Cost: Free

Canoe the Lullwater
11:00 a.m.
Enjoy a day of canoeing on the beautiful Lullwater to The Lake and back. Enjoy creekside ...
Location: Audubon Center at the Boathouse (in Prospect Park), Brooklyn
Cost: Free

Bugs Away!
1:00 p.m.
Enjoy observing the graceful moves of aquatic bugs dancing on the Meer, followed by a walk ...
Location: Charles A. Dana Discovery Center (in Central Park), Manhattan
Cost: Free

Freshkills Tours
1:00 p.m.
Come witness the dramatic transformation, as well as the turkey vultures, red-tailed hawks, ...
Location: Freshkills Park/William T. Davis Wildlife Refuge, Staten Island
Cost: Free

Seashore Safari
2:00 p.m.
Come enjoy the mid-day warmth and explore the “wild” side of Orchard Beach. We ...
Location: Orchard Beach Nature Center (in Orchard Beach), Bronx
Cost: Free

Sunday, July 25, 2010

Adventure Hike
9:00 a.m.
Come explore the beauty of Inwood, and its wonderful wildlfe, on this early morning ...
Location: Inwood Hill Nature Center (in Inwood Hill Park), Manhattan
Cost: Free

Birding
10:00 a.m.
Calling all bird enthusiasts! Whether it is your first time or you are an avid birder, come ...
Location: Fort Greene Park Visitor Center (in Fort Greene Park), Brooklyn
Cost: Free

Living Log
11:00 a.m.
Ever wonder why we leave fallen logs on the forest floor? We’ll turn over a few and ...
Location: Pelham Bay Ranger Station (in Pelham Bay Park), Bronx
Cost: Free

Life in Lake
11:00 a.m.
Dragonflies scour the surface in search of food, while fish patrol the underwater world. ...
Location: Van Cortlandt Nature Center (in Van Cortlandt Park), Bronx
Cost: Free

Canoe the Meer
11:00 a.m.–3:00 p.m.
A fun-filled day of canoeing and water safety. Bring water, sunscreen, and a ...
Location: The Harlem Meer, outside of Lasker Pool (in Central Park), Manhattan
Cost: Free

Canoeing Basics
11:00 a.m.–2:00 p.m.
Explore the tranquility of Wolfe's Pond while getting to know nature. Let's look for ...
Location: Wolfes Pond Park, Staten Island
Cost: Free
...Read more

Sunday, July 18, 2010

New York City Rare Bird Alert

Below is the New York City Rare Bird Alert for the week ending Saturday, July 17th, 2010:

RBA
* New York
* New York City, Long Island, Westchester County
* Jul. 17, 2010
* NYNY1007.17

- Birds mentioned

AMERICAN WHITE PELICAN+
ARCTIC TERN+
(+ Details requested by NYSARC)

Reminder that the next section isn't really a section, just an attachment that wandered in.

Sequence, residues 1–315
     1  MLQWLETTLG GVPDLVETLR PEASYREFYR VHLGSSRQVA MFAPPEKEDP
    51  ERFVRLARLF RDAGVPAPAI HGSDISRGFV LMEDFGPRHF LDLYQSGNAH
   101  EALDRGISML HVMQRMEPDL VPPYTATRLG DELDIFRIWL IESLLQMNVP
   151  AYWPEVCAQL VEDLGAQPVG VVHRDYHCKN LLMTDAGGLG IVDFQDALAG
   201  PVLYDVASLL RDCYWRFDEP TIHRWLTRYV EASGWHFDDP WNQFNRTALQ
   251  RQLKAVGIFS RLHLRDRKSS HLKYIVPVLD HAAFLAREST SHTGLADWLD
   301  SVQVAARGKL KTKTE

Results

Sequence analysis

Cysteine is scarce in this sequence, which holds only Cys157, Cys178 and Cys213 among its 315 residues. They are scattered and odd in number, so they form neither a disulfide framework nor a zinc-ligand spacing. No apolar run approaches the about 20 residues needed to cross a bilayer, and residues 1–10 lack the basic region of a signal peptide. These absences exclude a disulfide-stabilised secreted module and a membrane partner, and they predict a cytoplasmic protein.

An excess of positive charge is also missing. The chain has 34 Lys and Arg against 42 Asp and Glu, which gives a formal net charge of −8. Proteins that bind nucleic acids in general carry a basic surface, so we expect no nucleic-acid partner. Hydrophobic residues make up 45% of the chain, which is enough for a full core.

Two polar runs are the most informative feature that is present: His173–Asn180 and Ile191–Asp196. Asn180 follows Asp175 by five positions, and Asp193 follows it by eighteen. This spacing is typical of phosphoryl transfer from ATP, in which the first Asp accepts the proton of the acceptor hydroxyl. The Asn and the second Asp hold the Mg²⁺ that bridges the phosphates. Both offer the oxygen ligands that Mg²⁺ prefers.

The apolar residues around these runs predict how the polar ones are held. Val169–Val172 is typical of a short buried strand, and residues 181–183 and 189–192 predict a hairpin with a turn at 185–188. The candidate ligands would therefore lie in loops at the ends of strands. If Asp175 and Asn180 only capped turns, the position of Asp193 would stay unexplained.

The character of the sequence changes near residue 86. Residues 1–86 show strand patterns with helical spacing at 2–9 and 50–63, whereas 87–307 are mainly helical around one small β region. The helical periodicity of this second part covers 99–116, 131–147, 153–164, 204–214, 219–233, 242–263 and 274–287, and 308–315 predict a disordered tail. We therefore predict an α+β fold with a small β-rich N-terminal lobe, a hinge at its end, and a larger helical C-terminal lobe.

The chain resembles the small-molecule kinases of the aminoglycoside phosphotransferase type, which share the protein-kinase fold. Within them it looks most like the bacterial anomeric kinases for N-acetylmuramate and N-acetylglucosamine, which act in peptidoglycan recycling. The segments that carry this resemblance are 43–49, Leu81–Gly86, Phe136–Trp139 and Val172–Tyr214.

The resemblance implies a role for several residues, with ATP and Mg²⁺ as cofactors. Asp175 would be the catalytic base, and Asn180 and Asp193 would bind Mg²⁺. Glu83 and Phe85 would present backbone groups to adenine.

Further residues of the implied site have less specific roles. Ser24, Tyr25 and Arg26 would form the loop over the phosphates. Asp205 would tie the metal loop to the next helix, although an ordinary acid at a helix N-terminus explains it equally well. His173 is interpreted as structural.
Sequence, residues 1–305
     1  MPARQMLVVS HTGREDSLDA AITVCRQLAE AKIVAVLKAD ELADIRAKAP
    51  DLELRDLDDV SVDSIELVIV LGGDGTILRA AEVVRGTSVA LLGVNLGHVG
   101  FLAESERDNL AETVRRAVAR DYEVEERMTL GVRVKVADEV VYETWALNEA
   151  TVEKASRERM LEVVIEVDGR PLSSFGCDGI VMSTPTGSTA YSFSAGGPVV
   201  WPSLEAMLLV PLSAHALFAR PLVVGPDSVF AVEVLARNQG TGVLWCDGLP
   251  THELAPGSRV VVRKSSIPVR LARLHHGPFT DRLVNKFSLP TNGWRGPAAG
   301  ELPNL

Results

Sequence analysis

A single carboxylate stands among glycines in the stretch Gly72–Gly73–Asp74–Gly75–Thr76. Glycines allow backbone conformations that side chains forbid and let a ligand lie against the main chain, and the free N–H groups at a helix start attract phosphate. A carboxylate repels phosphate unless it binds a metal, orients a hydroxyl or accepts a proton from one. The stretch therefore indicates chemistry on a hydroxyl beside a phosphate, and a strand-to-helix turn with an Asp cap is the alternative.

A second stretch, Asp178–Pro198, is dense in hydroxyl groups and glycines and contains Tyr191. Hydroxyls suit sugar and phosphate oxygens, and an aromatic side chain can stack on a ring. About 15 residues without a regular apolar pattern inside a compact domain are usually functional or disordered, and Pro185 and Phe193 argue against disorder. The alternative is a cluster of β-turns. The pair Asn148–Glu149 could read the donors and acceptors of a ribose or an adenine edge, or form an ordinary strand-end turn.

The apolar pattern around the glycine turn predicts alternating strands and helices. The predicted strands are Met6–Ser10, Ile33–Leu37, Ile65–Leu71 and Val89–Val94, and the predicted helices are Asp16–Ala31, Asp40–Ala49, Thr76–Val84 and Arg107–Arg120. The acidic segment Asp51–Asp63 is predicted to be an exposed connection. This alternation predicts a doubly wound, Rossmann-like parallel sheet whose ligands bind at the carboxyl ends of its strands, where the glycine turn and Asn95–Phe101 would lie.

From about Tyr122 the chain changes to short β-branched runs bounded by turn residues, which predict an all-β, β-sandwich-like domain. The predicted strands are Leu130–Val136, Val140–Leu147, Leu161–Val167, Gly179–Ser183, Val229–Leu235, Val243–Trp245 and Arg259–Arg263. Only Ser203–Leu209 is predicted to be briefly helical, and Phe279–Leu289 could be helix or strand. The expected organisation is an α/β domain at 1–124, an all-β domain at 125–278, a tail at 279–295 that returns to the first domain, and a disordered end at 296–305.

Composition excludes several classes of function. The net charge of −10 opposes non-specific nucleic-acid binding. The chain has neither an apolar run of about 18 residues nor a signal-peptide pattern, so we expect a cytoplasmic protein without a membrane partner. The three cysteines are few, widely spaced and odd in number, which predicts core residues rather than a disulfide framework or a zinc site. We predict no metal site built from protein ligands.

Cory's Shearwater
Greater Shearwater
Sooty Shearwater
Manx Shearwater
Wilson's Storm-Petrel
Northern Gannet
Least Bittern
Bald Eagle
AMERICAN AVOCET
WHIMBREL
HUDSONIAN GODWIT
Western Sandpiper
Short-billed Dowitcher
WILSON'S PHALAROPE
Lesser Black-backed Gull
Gull-billed Tern
Black Tern
Royal Tern
Louisiana Waterthrush

- Transcript

If followed by (+) please submit documentation of your report electronically and use the NYSARC online submission form found at http://www.nybirds.org/NYSARC/goodreport.htm

You can also send reports and digital image files via email to nysarc3 AT nybirds.org.

If electronic submission is not possible, hardcopy reports and photos or sketches are welcome. Hardcopy documentation should be mailed to:

Jeanne Skelly - Secretary
NYS Avian Records Committee (NYSARC)
420 Chili-Scottsville Rd.
Churchville, NY 14428

Hotline: New York City Area Rare Bird Alert Number: (212) 979-3070

To report sightings call:
Tom Burke (212) 372-1483 (weekdays, during the day)
Tony Lauro at (631) 734-4126 (Long Island)

Compiler: Tom Burke, Tony Lauro
Coverage: New York City, Long Island, Westchester County

Transcriber: Ben Cacace

BEGIN TAPE

Greetings. This is the New York Rare Bird Alert for Saturday, July 17th 2010 at 1am. The highlights of today's tape are AMERICAN WHITE PELICAN, AMERICAN AVOCET, WHIMBREL, HUDSONIAN GODWIT, WILSON'S PHALAROPE, pelagic birding from land and shorebird migration.

An AMERICAN WHITE PELICAN and 3 AMERICAN AVOCETS were reported on Wednesday at Jamaica Bay Wildlife Refuge the avocets on the West Pond and the pelican on the East Pond. The pelican was still present on Friday.

Three WHIMBREL were reported, 1 on Saturday and Sunday at the Cupsogue County Park flats and 1 at the Shinnecock mussel beds on Thursday and another at the East Pond Jamaica Bay on Friday.

Two HUDSONIAN GODWITS were reported, 1 Saturday and Thursday on the Cupsogue County Park flats and another on the East Pond at Jamaica Bay on Thursday and a WILSON'S PHALAROPE was seen Friday at the East Pond Jamaica Bay and another at Cupsogue last Saturday.

Pelagic birding from land last week produced the following results: on Saturday at Cupsogue County Park in Westhampton Dunes 6 CORY'S SHEARWATERS, 2 GREATER SHEARWATERS and 10 NORTHERN GANNETS, on Wednesday at the Shinnecock Inlet 12 CORY'S SHEARWATERS, 12 GREATER SHEARWATERS, 2 SOOTY SHEARWATERS, 8 WILSON'S STORM-PETRELS, on Thursday at the Shinnecock Inlet 70 CORY'S SHEARWATERS, 50 GREATER SHEARWATERS and 80 WILSON'S STORM-PETRELS, and on Friday from Pike's Beach in Westhampton Dunes 1 MANX SHEARWATER, 1 CORY'S SHEARWATER, 11 GREATER SHEARWATERS, 75 plus WILSON'S STORM-PETRELS, 2 BLACK TERNS and 4 NORTHERN GANNETS.

Shorebird numbers continue to rise at the south shore locales at Pike's Beach, Cupsogue flats, Jamaica Bay. Despite extremely high water levels at the East Pond at Jamaica Bay 8 species of shorebirds were reported on Friday at the East Pond with over 800 SHORT-BILLED DOWITCHERS, a WHIMBREL, 2 WESTERN SANDPIPERS and about 10 species were reported during the week at Cupsogue and at the flats at Pike's Beach.

Other interesting birds for the week were: a LEAST BITTERN on Friday at the East Pond Jamaica Bay, a GULL-BILLED TERN on Sunday at Jamaica Bay, a ROYAL TERN and an ARCTIC TERN at Cupsogue on Saturday, a 1st year LESSER BLACK-BACKED GULL at Mecox on Saturday, a 1st year BALD EAGLE at Montauk on Saturday and a LOUISIANA WATERTHRUSH at Central Park on Friday.

Tom Burke will be away next week, please call in reports to Tony Lauro at (631) 734-4126.

This service is sponsored by the Linnaean Society of New York and the National Audubon Society. Thank you for calling.